Heavy Light Decomposition Technique

Posted on 03 Jun 2014

By sping128

I have heard about this technique so many times recently, but I haven’t gotten a chance to use it during a programming contest. I think this technique is very interesting and pretty cool, so I decide to implement it to solve a problem, QTREE. The problem is that you’re given a tree of N nodes and a number of operations. Each query can be one of the following:

  1. CHANGE a b: update the cost of the edge a to b
  2. QUERY a b: print the maximum edge cost on the path from a to b

So you’re asked to perform these operations. This problem would be very easy to solve if the graph is just a chain (not a tree). In that case, you can easily solve it by using a segment tree that can perform each operation in O(log N). I claim that this problem can also be solved by segment trees. This is how Heavy Light Decomposition (HLD) technique comes into play. Before I talk about HLD, I will explain how HLD can solve this problem. Even though the given graph is a tree, we still decompose it into several chains. If we can do this, we can perform each operation on separate chains and combine the results together. We already know that performing an operation on a chain takes O(log N) by using a segment tree, so we need to decompose the tree into some number of chains. And HLD can do this and guarantee that the number of chains is O(log N). So it will take us O(log N)^2 to perform each operation which is fast enough to solve this problem. A tree after applied HLD will look like this:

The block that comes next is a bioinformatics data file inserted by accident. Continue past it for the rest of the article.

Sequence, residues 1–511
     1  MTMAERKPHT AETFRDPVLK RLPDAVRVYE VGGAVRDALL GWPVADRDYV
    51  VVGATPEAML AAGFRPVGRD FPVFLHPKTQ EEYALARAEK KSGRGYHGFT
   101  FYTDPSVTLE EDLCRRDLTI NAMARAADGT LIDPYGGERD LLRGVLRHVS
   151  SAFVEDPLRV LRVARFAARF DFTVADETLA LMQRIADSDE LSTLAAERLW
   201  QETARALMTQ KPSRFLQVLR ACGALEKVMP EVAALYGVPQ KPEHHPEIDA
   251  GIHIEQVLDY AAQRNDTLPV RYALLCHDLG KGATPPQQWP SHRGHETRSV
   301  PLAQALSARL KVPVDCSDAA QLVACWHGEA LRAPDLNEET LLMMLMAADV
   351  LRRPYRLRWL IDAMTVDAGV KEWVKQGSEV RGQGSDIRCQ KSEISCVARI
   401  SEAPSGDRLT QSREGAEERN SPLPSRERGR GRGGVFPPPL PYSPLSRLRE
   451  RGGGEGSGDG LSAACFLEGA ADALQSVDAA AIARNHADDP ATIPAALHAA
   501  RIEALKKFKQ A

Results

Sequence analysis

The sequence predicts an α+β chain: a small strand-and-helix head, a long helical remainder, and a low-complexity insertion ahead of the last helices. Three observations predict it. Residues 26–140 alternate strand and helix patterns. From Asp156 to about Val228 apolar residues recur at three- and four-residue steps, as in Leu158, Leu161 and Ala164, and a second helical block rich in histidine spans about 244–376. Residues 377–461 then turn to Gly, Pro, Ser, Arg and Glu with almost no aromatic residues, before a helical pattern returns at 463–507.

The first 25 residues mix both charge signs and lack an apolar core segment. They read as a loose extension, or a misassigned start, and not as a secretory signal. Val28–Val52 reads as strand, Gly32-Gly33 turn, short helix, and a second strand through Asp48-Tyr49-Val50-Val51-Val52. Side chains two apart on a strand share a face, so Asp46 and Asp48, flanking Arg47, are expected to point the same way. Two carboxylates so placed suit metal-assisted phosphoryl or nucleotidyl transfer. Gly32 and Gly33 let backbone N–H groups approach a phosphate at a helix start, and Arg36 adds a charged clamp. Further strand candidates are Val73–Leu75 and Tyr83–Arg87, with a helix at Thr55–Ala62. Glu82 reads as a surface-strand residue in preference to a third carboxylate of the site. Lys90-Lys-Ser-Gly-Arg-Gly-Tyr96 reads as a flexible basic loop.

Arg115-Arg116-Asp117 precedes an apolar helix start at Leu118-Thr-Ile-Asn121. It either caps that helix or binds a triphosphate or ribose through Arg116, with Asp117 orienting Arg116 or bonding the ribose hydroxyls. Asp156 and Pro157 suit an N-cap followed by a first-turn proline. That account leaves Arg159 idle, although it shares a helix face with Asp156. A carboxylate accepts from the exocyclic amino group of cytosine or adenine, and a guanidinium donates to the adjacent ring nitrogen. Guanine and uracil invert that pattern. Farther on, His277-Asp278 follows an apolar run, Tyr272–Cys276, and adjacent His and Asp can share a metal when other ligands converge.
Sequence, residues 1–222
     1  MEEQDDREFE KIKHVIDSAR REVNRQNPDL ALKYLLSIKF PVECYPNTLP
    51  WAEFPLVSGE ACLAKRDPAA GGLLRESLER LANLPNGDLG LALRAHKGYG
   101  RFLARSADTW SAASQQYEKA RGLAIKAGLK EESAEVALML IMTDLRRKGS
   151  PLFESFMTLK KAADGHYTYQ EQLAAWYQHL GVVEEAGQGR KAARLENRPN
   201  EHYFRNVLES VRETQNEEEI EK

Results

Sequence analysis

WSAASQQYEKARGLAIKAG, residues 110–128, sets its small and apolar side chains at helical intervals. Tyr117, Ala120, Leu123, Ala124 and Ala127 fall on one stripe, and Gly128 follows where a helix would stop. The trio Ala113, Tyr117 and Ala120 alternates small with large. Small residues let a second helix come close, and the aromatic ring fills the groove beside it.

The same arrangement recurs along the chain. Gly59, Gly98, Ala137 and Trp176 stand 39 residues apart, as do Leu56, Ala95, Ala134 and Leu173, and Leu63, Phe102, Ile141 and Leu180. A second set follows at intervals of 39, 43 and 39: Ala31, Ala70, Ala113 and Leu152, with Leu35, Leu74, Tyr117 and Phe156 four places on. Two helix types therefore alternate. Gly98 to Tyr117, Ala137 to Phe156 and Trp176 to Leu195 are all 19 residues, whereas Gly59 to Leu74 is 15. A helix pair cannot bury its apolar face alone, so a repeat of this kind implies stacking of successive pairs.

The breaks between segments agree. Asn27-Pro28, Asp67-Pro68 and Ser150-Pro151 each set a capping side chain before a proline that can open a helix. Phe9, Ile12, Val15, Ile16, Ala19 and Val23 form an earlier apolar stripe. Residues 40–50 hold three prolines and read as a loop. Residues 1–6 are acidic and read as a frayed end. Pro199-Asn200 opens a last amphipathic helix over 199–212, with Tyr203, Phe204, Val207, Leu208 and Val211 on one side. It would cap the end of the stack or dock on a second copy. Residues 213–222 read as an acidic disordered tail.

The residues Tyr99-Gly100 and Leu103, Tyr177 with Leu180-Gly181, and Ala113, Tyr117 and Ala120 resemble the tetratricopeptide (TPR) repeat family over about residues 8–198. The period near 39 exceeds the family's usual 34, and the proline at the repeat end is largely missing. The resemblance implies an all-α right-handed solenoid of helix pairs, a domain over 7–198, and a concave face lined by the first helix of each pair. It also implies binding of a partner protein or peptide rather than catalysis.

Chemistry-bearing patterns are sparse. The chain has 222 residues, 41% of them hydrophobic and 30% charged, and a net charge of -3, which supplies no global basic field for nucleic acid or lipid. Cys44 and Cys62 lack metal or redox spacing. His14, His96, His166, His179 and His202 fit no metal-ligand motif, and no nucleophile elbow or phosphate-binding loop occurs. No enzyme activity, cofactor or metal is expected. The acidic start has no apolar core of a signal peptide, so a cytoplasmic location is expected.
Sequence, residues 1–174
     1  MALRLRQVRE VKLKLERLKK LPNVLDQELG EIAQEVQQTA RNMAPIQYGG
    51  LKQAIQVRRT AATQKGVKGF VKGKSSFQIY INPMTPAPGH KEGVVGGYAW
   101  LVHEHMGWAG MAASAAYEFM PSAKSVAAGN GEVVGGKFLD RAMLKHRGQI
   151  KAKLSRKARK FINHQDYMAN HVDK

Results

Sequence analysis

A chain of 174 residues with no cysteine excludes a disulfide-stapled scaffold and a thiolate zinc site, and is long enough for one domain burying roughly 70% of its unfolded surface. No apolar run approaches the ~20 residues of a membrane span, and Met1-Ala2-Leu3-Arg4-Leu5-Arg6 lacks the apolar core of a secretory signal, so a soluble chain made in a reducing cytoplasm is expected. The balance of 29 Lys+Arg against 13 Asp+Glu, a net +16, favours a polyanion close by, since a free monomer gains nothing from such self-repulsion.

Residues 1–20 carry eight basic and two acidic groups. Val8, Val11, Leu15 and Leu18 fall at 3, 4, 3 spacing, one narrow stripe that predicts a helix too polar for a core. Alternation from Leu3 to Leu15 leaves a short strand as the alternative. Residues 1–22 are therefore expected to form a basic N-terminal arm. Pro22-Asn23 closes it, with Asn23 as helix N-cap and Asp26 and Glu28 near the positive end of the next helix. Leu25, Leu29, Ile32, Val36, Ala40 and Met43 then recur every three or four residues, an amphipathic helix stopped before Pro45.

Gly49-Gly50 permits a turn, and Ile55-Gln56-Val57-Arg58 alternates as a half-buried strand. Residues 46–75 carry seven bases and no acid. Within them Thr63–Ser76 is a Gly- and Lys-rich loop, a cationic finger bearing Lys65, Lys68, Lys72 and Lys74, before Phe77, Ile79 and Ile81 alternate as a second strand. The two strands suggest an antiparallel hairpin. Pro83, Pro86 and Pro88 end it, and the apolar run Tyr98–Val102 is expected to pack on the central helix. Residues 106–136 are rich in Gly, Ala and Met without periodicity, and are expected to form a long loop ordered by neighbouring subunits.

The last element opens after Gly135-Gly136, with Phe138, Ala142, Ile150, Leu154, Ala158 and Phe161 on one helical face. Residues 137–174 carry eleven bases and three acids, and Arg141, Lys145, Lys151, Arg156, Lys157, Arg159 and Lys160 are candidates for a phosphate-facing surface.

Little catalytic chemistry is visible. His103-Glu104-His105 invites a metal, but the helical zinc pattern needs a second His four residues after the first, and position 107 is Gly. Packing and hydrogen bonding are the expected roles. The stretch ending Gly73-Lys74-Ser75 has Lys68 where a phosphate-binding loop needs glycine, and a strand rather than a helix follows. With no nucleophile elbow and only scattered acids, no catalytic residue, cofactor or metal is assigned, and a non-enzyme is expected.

The colors indicate different chains and the numbers in the nodes indicate the chain heads. I won’t talk about the implementation detail (I will post my code I wrote to solve this QTREE problem on the bottom. The idea is that we do one Depth-First search to gather information (subtree’s size, each node’s parent), build HLD, then build a segment tree over all the chains. So if we want to answer QUERY u v, we can just first find the lowest common ancestor between u and v which is node 1, then we find the maximum edge cost on the path from u to node 1 and the maximum edge cost on the path from v to node 1. To find the maximum edge cost on each path, we can just crawl up the chains. For example, we can crawl up from node u to node 1 by visiting the pink chain, red chain, and green chain. Upon visiting each chain, we can ask our segment tree what the maximum edge cost between me and the head of this chain. We take the maximum among those and that will give us the answer. This is a basic application of HLD. You can imagine that we can do any kinds of operations we can do on a chain. We can just make a different functionality of a segment tree to handle those operation. HLD is just a technique to decompose a tree into chains. HLD should be able to tell us how to crawl up the tree chain-by-chain as well.

There is a similar technique to HLD. For example, we can divide an array into O(√N) parts. Each part contains O(√N) elements. When we’re asked to perform some operation on the array, we can just do it separately on each part (which should be easier somehow depending on a problem). We might be able to reduce time to perform each operation from O(N) to O(√N).